As of this moment, e-commerce company Fab.com is still worth $1 billion. But that’s only because it hasn’t yet completed a fire sale of its flagship assets, nor raised new cash for a furniture-focused subsidiary called Hem that is expected to soon become an independent entity. When the smoke clears, expect the Company Formerly Known as Fab to have the same shareholders but a much lower valuation.
For many, the immediate reaction was to use Fab as an example of venture capitalist folly. More than $330 million invested into a company that originally began as a social network for gay men, before pivoting into a flash sales site whose primary point of differentiation was supposed to be its ability to spot style trends better than all of the other flash sales sites (eventually, Fab abandoned flash sales for a more traditional inventory retail model). That popping sound you hear is proof that the bubble was real, propped up by overzealous Fab investors like Andreessen Horowitz.
But, to me, Fab’s possible failure is important for almost the exact opposite reason: It reminds us that venture capitalists have generally been right in making their $1 billion bets. Fab is the exception to the rule, rather than the rule itself.
One year ago, Aileen Lee published a post on TechCrunch about the preponderance of “unicorns” — companies Lee defined as “U.S.-based software companies started since 2003 and valued at over $1 billion by public or private market investors.” Here was her chart:
You can see Fab there on the far left, followed by 38 other companies. Of them, 14 (including Fab) were still privately-held at the time of Lee’s post.
And, from what I can tell, the vast majority of those 14 are still considered to be unicorns. The only exceptions would be Fab, Climate Corp. (later sold for a very respectable $930 million to Monsanto) and possibly Gilt Groupe or Box. Many of the others, including AirBNB and Uber, have seen massive valuation increases in the intervening year.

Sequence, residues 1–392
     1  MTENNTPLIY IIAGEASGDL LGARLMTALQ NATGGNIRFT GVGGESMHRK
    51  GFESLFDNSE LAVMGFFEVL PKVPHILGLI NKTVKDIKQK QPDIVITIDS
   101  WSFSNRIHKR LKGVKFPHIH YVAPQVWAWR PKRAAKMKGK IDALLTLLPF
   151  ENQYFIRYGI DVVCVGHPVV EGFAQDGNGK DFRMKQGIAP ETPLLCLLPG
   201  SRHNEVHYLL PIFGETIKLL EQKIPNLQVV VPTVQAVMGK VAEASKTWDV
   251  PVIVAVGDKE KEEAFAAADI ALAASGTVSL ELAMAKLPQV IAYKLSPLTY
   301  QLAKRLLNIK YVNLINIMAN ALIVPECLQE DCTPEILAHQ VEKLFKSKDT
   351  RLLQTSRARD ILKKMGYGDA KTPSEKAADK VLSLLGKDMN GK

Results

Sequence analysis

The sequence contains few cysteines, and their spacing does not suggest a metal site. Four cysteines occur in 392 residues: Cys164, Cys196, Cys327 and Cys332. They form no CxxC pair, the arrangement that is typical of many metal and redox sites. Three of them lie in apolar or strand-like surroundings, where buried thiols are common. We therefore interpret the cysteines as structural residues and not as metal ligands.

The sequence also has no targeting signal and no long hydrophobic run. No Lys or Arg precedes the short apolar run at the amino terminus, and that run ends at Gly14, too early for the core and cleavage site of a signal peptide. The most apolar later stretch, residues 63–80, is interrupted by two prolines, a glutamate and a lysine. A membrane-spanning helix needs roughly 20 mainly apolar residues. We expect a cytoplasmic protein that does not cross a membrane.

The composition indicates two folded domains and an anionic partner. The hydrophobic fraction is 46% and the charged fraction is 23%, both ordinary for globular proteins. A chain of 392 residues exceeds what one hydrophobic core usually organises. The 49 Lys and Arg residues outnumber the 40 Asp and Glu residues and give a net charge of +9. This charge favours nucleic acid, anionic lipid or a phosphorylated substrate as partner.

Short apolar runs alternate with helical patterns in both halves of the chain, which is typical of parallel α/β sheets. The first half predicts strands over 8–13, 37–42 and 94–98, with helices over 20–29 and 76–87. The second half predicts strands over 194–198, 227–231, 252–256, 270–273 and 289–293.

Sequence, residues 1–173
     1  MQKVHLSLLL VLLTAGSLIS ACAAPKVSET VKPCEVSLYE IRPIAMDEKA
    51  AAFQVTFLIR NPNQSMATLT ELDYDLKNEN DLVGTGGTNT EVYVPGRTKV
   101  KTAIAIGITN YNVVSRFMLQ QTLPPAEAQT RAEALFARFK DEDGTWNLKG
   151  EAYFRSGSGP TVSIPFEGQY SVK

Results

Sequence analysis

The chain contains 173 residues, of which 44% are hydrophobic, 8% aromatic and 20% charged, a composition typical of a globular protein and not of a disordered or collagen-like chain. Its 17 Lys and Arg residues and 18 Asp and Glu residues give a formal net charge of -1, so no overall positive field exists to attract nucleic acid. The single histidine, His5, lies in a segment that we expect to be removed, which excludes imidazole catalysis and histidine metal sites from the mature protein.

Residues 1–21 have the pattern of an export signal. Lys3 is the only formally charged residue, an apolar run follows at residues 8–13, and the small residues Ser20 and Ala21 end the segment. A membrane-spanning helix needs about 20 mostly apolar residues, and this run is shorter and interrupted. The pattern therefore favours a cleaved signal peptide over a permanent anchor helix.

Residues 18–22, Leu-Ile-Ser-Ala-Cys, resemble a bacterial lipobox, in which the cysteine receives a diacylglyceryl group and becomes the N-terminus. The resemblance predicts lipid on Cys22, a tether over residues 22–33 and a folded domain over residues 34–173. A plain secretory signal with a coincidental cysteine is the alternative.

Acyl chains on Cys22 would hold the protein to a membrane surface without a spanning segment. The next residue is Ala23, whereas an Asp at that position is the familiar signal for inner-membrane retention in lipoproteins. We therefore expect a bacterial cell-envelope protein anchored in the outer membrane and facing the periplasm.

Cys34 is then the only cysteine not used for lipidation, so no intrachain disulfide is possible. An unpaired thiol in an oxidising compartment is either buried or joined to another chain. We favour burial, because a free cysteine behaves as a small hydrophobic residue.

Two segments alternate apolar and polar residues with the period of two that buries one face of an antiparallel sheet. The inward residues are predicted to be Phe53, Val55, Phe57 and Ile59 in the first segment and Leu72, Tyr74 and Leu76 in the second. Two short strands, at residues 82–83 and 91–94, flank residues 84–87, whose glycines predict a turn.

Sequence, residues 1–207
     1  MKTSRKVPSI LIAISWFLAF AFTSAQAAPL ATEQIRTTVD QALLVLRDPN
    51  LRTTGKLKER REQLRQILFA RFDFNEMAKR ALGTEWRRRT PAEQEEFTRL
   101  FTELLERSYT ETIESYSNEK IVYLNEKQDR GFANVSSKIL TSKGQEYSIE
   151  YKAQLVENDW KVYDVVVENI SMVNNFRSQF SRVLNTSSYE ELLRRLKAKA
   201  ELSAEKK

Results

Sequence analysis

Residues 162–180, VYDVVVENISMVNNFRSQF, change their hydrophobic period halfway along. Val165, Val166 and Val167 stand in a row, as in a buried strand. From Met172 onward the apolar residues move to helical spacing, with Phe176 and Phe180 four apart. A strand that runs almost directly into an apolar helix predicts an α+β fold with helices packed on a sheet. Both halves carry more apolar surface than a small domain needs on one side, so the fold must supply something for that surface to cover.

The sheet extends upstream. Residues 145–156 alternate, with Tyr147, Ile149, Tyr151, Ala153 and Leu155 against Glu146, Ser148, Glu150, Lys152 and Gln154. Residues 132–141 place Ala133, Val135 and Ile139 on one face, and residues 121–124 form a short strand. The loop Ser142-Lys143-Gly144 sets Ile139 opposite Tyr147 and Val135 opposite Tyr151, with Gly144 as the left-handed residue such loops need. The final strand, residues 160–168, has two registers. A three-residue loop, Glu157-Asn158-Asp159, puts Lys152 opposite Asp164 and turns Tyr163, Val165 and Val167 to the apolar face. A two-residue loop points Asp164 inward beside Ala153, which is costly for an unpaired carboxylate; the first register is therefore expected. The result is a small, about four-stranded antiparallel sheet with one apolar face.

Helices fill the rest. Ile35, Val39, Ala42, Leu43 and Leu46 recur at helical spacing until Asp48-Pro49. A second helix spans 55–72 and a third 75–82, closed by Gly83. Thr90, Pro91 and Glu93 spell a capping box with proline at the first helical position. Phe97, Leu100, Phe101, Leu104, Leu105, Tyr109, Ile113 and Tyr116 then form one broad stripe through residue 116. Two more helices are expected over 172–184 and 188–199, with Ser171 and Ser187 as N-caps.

Moreover, RetailMeNot (SALE) is the only one of the publicly-traded companies Lee listed that has since fallen below the $1 billion valuation mark. Not even tech industry punching-bags like Groupon (GRPN) or Zynga (ZNGA). This is important, because VCs often retain shares long after IPO.
To be sure, we cannot use venture’s traditional 1/10 success model when coming to unicorns, since these are more mature companies that require much larger equity outlays than would typical startups. And it’s possible that we would see something different if we updated the chart, and then checked back in November 2015.
But, for now, Fab should remind us that for all the talk about overpaying on large deals, VCs have generally been getting their money’s worth.
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